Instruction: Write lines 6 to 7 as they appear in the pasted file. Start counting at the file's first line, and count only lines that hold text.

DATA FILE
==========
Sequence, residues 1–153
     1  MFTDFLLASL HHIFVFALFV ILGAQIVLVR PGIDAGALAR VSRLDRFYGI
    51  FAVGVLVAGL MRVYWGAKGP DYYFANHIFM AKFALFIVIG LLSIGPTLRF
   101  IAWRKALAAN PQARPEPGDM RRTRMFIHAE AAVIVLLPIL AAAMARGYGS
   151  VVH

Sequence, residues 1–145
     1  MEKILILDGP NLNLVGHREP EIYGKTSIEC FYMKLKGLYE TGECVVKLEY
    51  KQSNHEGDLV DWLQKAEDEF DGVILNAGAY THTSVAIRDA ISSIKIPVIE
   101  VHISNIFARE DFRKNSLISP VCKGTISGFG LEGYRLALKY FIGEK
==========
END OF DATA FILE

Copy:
Sequence, residues 1–145
     1  MEKILILDGP NLNLVGHREP EIYGKTSIEC FYMKLKGLYE TGECVVKLEY